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Aftermath of the Darren Collison, Troy Murphy, and Trevor Ariza Trade

August 12, 2010

A wild pack of family dogs came runnin' through the yard
As my little sister played, the dogs took her away
And I guess she was eaten up okay....
--Modest Mouse, "Wild Pack of Family Dogs"

If I were one to speak in cliches, and maybe I am, I would respond to the four team, five player trade that went down yesterday as a sign of the times, that in moments of economic uncertainty fortunes are made and fortunes are lost.  Of course, that would all come off as hyperbole, seeing as how the biggest names in the trade were all essentially role players and second tier players, at best, and the fact that the teams involved were Indiana, New Orleans, Houston, and New Jersey would only add to the embellishment of what is essentially a story born out of the dog days of summer.  And perhaps it is in that phrase, dog days, that the heart of this story lies.


darren-collison2jpg-401743606d8cbc78_mediumIt's not the size of the dog that matters, but the size of the fight in the dog. The biggest player in yesterday's trade was 6'11," 245 pound Troy Murphy, who averaged 14.6 ppg and 10.2 rpg for the Indiana Pacers last season.  Murphy is also a career 39% shooter from behind the arc; in other words, he is the perfect power forward for any pick and roll offense or to partner with another big who has to operate on the block because he can stretch the defense.

In yesterday's trade, the Pacers acquired New Orleans point guard Darren Collison from the New Orleans Hornets.  Collison is the perfect point to run a pick and roll with Murphy, while Roy Hibbert rests down low on the block, except Murphy is headed to New Jersey, likely leaving Tyler Hansbrough, who is slightly undersized, as the Pacers' starting power forward.  Collison is about six feet flat and one hundred and sixty pounds.  Larry Bird is obviously hedging his bets that the fight in his new point guard and last year's first round pick, Hansbrough, is worth more than the man who out rebounded every other Pacer last year by five rebounds a game.  The Pacers may have picked up a fighter in Collison, but does size really not matter?

A dog is man's best friend. In the new NBA, it's unclear who is the master and who is on the leash.  LeBron flipped the script on us, and we're still trying to figure out all the new plot devices; but in the swarm of Chris Paul's rumored disloyalties and coveting of his neighbor's wife, it his own wife who is giving in, shutting up, and taking the disrespect.  In an effort to appease Paul, the Hornets traded for Trevor Ariza, a man whose career  becomes more and more like The Lion King, if Simba had ignored his destiny and never returned to the Pride land, upon finding Timone and Pumba in Houston.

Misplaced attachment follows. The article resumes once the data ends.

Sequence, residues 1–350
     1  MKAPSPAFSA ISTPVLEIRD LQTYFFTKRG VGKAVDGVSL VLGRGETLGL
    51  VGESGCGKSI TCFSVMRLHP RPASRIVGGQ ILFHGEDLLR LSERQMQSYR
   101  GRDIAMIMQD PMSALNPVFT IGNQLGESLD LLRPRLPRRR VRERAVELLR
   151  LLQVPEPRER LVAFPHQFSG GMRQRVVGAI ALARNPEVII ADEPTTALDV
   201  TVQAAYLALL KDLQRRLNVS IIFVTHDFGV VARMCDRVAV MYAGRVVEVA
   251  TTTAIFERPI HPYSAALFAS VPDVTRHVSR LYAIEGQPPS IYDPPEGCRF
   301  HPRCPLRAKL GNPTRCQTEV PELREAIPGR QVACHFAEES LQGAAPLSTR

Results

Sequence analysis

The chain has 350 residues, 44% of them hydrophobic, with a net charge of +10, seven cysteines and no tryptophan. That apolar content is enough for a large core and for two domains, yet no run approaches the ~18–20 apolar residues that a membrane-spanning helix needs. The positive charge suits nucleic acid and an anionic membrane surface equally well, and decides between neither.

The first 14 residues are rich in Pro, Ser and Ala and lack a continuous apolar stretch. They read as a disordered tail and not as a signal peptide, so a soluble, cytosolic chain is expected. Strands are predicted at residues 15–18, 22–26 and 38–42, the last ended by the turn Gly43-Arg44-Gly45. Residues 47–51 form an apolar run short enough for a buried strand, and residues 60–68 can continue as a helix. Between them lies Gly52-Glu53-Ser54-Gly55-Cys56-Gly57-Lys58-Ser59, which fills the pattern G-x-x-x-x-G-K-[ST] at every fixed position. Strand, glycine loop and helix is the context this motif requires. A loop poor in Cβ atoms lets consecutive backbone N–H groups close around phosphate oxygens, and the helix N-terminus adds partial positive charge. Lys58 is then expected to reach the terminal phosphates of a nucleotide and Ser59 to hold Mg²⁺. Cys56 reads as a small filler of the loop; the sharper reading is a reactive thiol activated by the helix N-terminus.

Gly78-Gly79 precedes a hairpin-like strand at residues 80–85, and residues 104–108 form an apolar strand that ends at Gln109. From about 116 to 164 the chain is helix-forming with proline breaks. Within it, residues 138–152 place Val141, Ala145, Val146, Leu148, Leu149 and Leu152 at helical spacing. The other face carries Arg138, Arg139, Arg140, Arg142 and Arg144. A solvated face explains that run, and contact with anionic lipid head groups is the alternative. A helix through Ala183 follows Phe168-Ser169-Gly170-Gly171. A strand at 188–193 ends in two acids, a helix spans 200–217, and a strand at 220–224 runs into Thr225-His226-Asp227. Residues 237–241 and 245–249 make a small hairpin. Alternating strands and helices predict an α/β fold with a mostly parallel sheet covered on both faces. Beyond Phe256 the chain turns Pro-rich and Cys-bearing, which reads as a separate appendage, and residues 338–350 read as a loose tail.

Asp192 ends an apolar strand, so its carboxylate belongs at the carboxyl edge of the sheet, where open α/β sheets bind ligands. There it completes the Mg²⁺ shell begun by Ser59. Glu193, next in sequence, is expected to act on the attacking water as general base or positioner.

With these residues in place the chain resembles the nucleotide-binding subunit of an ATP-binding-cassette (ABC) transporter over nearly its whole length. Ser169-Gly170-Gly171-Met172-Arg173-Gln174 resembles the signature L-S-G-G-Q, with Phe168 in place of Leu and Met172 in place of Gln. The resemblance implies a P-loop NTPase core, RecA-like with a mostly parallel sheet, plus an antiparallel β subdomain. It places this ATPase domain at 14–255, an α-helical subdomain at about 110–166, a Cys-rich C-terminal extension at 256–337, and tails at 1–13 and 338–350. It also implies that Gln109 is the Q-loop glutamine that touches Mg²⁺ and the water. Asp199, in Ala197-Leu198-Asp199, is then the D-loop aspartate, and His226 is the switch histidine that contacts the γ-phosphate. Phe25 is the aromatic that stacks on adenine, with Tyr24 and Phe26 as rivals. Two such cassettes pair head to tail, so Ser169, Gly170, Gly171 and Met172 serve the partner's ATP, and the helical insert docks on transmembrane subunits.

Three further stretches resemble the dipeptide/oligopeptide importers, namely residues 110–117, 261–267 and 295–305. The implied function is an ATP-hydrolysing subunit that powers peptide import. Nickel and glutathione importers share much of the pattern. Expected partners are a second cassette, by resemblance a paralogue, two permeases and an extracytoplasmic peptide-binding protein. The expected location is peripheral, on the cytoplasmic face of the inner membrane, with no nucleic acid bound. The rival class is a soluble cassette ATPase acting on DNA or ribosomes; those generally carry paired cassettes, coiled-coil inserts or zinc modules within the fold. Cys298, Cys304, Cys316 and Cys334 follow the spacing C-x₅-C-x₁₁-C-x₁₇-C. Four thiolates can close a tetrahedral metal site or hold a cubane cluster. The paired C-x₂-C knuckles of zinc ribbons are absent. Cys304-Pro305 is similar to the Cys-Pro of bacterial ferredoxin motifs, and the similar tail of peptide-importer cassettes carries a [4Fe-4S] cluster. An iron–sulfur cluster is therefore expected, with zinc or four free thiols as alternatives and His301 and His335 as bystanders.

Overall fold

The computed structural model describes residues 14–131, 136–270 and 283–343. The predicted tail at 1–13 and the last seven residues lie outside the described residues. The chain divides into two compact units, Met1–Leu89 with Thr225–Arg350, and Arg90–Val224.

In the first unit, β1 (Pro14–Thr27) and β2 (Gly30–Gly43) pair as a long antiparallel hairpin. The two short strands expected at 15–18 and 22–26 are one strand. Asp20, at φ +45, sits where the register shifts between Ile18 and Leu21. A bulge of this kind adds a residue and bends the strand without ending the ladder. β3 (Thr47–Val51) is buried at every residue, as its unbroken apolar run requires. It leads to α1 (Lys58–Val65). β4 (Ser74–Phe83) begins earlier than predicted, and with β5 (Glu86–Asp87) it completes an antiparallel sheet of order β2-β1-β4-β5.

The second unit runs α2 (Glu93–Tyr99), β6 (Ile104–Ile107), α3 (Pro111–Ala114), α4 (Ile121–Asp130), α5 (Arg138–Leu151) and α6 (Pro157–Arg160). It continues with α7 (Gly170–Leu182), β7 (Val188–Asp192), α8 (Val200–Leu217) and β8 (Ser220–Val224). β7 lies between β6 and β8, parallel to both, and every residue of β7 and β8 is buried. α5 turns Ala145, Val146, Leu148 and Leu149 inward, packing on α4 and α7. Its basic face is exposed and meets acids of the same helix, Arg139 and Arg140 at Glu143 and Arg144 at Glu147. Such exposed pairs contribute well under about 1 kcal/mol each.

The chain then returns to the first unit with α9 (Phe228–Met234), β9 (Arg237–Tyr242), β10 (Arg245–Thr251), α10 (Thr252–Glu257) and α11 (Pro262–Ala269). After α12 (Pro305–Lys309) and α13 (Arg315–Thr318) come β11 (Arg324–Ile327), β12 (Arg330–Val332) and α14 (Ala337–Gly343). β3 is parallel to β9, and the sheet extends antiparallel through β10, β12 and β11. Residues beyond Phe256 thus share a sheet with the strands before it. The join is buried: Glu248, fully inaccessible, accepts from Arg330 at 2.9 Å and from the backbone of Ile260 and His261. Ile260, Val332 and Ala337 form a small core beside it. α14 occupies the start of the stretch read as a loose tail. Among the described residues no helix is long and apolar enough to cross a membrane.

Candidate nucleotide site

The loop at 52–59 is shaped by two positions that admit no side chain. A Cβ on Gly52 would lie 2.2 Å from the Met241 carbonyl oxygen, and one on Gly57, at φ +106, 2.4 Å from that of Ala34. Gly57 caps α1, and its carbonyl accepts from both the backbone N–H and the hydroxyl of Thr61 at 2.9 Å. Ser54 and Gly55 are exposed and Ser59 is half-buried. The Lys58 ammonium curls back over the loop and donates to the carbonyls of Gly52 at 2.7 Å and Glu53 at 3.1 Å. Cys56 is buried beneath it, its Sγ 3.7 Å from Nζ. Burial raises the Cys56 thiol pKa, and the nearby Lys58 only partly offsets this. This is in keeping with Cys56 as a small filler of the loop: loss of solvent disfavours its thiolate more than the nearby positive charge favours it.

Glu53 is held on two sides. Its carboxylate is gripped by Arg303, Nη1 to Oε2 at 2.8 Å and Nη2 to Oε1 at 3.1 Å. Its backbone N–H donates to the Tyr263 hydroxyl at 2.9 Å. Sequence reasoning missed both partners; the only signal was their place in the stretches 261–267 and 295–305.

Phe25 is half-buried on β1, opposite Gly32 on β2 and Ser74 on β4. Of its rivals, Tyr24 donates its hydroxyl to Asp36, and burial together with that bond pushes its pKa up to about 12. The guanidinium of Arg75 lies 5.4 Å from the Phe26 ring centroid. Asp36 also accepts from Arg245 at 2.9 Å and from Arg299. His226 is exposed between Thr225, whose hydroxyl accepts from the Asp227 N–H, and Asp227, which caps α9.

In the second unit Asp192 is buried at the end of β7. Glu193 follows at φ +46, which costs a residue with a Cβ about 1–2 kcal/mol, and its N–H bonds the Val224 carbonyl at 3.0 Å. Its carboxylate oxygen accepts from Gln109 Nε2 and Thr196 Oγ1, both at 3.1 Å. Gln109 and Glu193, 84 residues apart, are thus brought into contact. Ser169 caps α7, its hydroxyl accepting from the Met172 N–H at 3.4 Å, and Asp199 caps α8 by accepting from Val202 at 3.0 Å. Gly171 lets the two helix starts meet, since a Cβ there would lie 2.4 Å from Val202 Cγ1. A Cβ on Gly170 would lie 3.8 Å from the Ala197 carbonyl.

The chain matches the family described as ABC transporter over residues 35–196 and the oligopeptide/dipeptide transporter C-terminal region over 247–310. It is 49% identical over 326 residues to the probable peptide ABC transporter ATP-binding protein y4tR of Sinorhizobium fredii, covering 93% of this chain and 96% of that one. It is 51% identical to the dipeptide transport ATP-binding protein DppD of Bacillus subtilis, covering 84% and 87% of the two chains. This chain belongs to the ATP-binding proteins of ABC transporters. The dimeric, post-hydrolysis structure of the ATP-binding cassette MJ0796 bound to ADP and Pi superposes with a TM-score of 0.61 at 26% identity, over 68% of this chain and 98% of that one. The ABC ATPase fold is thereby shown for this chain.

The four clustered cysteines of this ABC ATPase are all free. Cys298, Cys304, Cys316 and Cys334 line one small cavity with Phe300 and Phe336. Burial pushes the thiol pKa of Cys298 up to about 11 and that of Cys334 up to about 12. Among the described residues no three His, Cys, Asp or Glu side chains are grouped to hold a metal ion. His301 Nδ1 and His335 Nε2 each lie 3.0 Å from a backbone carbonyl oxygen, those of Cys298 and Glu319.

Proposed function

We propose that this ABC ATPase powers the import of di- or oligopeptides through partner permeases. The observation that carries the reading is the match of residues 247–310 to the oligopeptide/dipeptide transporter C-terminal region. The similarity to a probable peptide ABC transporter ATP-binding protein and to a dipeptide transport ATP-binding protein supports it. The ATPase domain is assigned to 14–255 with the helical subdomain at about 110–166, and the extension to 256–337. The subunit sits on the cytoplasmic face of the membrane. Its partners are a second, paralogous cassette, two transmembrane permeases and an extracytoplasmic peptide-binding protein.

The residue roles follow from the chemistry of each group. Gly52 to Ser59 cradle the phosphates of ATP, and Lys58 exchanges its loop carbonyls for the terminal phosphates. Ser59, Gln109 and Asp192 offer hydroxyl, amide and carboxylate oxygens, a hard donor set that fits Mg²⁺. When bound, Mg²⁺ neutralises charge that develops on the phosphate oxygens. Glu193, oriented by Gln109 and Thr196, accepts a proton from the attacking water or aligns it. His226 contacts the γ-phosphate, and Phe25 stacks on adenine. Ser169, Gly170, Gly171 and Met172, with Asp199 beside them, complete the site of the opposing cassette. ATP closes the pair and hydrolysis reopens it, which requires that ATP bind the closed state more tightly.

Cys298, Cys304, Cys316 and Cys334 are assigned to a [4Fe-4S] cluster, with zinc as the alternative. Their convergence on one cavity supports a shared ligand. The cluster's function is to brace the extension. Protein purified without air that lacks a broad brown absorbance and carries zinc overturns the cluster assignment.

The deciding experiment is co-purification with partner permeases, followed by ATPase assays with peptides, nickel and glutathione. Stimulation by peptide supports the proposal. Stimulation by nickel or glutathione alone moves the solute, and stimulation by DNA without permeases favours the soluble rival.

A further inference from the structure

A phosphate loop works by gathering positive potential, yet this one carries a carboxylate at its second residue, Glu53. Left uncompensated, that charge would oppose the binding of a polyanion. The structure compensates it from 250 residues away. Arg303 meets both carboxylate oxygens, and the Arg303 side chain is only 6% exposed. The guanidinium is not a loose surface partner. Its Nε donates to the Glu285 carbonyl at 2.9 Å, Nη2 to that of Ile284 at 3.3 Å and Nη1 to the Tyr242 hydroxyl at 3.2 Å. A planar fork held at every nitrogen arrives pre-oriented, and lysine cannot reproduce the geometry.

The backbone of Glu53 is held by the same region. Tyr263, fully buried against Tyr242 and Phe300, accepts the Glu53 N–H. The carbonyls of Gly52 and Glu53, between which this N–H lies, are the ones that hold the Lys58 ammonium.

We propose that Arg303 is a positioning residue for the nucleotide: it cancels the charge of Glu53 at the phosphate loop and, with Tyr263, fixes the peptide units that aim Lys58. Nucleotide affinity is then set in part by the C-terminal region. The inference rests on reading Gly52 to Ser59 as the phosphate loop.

vrtxt8While Ariza is full of athleticism and maybe even potential still, he is also a player who is now joining his fifth team, going into his seventh NBA season.  Not say he is anything remotely like a bad locker room guy, but he does appear to be a player whose perception of himself is eschew from his physical self.  His 14.9 ppg--a career best--on 39% shooting are not exactly the stuff that Chris Paul's dreams are made of.

Chris Paul wants to be a member of Voltron, maybe even the Power Rangers, but Chris Paul plus Ariza, David West, and Emeka Okafor is more likely to shape up into some VR Trooper shit.  Unless Paul specifically listed Ariza as someone he wants to play with, then long term this still does not help the Hornets keep Paul, and while the Hornets are trying to remain loyal to their star, he may have just bluffed them into trading their biggest insurance policy, Darren Collison, away, in case Paul does leave this offseason.  The best option for the Hornets was probably to trade Paul, except that the rest of the League's knowledge of his summer of discontent would have made it hard to get back equal value.  In New Orleans, the tail is clearly wagging the dog.